‘Afghan territory not to be used to threaten or attack any country’: UNSC
Foreign secretary Harsh Shringla highlighted the importance of combating UN-designated terror groups such as Lashkar-e-Taiba (LeT) and Jaish-e-Mohammed (JeM).
The United Nations Security Council asserted on Tuesday that Afghanistan’s soil shouldn’t be used to attack any country or to shelter terrorists, even as foreign secretary Harsh Shringla highlighted the importance of combating UN-designated terror groups such as Lashkar-e-Taiba (LeT) and Jaish-e-Mohammed (JeM).
In a strongly worded resolution adopted at the close of India’s presidency of the Security Council for the month of August, the UN’s highest body pointed to the Taliban’s commitments regarding combating terrorism and allowing the safe and orderly departure of Afghan and foreign nationals.
The UN Security Council resolution 2593, tabled by permanent members France, the UK and the US, was backed by 13 of the 15 council members. Permanent members China and Russia abstained.
The resolution demanded “that Afghan territory not be used to threaten or attack any country or to shelter or train terrorists, or to plan or to finance terrorist acts”, and reiterated the “importance of combating terrorism in Afghanistan, including those individuals and entities designated pursuant to resolution 1267 (1999), and notes the Taliban’s relevant commitments”.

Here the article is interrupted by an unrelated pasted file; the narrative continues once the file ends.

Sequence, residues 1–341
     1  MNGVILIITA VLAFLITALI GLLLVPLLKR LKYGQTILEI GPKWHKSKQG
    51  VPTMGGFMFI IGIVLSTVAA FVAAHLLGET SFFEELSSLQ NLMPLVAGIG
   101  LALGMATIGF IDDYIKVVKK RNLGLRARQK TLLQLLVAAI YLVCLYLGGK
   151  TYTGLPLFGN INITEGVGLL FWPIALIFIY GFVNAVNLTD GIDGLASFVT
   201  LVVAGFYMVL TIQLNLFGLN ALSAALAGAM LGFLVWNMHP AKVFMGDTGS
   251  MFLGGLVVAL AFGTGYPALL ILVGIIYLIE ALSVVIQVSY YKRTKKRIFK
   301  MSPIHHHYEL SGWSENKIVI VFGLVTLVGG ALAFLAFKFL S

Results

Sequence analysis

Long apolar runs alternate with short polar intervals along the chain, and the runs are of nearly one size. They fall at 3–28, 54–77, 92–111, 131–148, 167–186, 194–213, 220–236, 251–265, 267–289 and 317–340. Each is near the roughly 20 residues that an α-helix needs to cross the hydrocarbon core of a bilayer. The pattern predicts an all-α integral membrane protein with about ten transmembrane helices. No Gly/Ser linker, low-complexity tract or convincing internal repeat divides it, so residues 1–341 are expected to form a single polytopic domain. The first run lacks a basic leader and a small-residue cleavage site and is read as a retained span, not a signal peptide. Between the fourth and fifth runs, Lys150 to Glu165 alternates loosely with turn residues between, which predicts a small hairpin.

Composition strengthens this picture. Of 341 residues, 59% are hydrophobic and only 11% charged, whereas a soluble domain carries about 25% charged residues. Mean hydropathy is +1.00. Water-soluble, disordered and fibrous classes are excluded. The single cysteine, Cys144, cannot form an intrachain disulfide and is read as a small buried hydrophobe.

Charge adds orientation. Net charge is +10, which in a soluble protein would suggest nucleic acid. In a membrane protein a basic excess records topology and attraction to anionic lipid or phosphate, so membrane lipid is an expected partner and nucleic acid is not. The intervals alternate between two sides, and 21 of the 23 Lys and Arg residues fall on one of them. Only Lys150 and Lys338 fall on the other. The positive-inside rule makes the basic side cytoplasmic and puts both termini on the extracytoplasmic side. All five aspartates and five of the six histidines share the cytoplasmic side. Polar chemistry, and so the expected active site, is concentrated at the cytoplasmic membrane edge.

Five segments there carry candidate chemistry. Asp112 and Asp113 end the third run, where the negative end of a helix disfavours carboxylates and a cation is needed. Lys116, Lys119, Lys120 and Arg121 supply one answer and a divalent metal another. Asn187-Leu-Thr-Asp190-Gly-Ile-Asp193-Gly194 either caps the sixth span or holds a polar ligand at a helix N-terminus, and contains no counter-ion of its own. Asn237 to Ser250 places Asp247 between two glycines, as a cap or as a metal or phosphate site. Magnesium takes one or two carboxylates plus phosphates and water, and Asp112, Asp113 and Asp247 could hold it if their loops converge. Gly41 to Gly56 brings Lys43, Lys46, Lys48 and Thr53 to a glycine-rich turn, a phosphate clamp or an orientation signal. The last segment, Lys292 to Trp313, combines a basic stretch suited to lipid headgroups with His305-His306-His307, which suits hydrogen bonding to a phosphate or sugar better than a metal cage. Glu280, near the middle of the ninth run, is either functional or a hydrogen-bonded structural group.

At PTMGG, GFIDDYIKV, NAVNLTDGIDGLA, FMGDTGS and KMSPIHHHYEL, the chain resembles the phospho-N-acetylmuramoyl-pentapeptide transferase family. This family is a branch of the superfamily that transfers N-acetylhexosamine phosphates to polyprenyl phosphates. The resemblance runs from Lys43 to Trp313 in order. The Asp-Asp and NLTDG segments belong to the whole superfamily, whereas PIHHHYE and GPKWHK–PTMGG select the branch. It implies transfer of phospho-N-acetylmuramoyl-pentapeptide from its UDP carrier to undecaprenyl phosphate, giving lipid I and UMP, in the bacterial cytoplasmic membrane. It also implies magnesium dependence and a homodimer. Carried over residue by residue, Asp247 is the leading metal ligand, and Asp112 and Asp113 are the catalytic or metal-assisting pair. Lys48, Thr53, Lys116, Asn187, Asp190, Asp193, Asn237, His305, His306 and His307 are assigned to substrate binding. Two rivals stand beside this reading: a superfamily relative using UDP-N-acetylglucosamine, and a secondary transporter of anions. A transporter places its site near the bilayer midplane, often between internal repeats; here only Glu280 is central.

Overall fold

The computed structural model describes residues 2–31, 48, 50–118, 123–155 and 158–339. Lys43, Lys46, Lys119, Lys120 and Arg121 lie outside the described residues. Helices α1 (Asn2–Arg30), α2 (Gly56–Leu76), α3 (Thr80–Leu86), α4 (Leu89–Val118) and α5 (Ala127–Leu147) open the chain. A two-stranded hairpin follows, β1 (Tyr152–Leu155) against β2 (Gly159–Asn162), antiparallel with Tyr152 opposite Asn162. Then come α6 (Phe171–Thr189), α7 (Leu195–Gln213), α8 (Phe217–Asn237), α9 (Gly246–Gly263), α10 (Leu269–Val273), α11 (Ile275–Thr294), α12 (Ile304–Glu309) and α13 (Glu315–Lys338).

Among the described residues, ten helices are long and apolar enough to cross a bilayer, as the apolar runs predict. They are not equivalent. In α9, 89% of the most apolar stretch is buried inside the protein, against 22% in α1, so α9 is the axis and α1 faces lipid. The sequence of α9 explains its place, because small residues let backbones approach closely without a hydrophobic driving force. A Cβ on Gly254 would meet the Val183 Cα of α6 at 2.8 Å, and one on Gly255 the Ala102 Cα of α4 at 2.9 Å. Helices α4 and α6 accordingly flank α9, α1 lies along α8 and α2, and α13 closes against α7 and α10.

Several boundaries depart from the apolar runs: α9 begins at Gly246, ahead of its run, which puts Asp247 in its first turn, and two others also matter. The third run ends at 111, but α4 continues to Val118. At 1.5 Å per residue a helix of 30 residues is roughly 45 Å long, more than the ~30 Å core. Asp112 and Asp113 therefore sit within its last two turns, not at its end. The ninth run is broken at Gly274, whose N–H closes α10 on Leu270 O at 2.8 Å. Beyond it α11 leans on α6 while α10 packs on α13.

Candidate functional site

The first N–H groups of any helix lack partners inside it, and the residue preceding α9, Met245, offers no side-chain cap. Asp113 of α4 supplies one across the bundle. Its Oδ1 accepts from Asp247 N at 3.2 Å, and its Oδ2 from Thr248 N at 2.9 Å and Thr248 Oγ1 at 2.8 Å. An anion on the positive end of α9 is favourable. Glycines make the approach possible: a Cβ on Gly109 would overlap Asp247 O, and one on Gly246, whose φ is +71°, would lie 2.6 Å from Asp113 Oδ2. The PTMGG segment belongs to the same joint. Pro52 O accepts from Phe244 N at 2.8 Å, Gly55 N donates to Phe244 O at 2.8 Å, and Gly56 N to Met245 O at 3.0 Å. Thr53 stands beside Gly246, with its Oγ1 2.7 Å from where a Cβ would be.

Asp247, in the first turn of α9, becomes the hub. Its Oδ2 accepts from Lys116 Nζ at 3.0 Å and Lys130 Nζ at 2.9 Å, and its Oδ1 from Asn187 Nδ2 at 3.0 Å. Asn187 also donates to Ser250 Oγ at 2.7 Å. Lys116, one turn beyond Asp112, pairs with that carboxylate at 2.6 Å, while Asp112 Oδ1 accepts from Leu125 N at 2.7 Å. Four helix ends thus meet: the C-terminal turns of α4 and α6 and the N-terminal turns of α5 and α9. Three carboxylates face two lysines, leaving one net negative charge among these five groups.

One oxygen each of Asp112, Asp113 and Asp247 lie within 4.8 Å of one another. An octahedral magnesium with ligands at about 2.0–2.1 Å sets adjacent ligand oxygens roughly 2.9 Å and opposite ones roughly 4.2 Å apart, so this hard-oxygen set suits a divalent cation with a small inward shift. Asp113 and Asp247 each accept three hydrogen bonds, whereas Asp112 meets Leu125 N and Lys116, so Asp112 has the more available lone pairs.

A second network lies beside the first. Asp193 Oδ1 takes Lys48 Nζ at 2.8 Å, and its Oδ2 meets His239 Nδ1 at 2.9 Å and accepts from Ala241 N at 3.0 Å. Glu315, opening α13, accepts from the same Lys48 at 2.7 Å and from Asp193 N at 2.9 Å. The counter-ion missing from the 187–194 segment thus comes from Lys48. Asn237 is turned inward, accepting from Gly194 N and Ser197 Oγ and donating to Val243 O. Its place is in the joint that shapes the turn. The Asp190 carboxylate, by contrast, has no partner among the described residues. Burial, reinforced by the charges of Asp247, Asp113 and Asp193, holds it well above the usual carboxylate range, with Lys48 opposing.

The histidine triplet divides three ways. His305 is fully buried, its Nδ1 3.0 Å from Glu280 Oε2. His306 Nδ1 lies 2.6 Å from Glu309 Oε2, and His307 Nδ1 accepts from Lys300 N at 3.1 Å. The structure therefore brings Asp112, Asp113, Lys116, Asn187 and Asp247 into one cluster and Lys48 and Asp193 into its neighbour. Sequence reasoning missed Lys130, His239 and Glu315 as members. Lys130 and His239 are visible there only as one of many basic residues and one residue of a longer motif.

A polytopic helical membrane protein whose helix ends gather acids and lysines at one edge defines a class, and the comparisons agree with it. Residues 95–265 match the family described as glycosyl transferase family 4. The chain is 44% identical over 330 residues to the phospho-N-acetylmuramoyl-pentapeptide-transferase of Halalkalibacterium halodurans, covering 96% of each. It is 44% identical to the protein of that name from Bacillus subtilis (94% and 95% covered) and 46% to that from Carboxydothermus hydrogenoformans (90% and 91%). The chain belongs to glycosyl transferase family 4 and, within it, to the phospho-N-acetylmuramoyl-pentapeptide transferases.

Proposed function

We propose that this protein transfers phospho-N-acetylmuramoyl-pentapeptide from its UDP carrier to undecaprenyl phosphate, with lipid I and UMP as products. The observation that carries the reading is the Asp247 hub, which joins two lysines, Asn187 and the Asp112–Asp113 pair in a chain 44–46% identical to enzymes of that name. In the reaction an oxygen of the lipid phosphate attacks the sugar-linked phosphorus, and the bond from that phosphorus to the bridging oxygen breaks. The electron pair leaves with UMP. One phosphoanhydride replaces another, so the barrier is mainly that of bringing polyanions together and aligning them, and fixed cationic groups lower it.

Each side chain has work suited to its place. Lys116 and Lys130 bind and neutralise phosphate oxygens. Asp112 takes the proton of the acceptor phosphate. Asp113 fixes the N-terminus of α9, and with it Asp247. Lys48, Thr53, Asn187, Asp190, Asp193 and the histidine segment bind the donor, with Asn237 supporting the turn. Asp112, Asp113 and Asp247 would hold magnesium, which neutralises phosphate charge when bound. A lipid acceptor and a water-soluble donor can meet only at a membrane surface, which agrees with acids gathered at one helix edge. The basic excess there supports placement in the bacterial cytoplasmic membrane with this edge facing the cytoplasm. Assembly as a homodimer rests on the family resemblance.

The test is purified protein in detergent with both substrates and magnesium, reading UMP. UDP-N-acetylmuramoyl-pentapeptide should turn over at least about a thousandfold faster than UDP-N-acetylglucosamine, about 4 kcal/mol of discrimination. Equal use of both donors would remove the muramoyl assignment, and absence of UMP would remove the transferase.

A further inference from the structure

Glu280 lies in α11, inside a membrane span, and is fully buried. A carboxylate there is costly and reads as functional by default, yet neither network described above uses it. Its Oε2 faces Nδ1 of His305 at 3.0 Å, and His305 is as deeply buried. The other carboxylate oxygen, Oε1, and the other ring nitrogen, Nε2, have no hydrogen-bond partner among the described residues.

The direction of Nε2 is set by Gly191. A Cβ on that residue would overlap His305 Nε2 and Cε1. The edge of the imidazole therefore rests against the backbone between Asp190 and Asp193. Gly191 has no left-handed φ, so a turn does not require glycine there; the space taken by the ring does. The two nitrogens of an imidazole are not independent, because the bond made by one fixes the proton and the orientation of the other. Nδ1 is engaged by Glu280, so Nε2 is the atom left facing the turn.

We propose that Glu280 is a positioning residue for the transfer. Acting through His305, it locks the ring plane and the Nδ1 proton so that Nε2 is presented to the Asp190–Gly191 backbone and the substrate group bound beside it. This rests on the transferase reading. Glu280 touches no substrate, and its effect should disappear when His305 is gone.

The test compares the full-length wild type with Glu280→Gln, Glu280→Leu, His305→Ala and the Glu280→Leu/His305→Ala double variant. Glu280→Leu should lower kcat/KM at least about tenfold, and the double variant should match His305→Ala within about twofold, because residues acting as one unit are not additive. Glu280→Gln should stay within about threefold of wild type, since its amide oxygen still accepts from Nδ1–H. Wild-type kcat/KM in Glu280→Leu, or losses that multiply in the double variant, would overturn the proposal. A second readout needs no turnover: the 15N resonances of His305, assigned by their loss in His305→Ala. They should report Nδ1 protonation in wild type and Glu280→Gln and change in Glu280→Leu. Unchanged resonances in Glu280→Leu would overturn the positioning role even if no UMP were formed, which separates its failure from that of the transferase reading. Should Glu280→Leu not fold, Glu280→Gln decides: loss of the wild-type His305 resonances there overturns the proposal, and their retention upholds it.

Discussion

The Security Council pointed to a Taliban statement of August 27, in which the group made a commitment that Afghans will be able to travel abroad, and leave the country at any time they want via any border crossing “with no one preventing them from travelling”, and said it expects the Taliban “will adhere to these and all other commitments, including regarding the safe, secure, and orderly departure from Afghanistan of Afghans and all foreign nationals”.
Shringla, who presided over the Security Council meeting that passed the resolution, told the media that the UN and the international community had sent out a “strong signal” on its expectations regarding Afghanistan.
Referring to the resolution underlining the importance of combating terrorism, he said, “In that context, I may mention that the Lashkar-e-Taiba and the Jaish-e-Mohammed are UN Security Council-proscribed terror entities that need to be called out and condemned in the strongest possible terms.”
The reference to terrorist individuals and entities designated by Security Council resolution 1267 is of “direct importance to India”, he added.
Shringla noted that the resolution also recognises the importance of upholding human rights, especially of Afghan women, children and minorities, an inclusive negotiated settlement and humanitarian assistance to Afghanistan.
“Over the last two decades, we have extended over $3 billion of assistance to Afghanistan in infrastructure development, capacity-building, education, agriculture – areas that are important for the people of Afghanistan,” he said.
Shringla didn’t comment on the abstentions by China and Russia, saying only that the Security Council had been unequivocal and the resolution reflected the views of council members.
People familiar with developments said on condition of anonymity that China abstained after it failed to have a reference to the East Turkestan Islamic Movement (ETIM) included in the text of the resolution. China also wasn’t keen on the resolution being passed while India held the rotating presidency of the Security Council for August, the people said.
The Russian side, which has been working closely with China on Afghanistan, abstained on similar lines, the people added.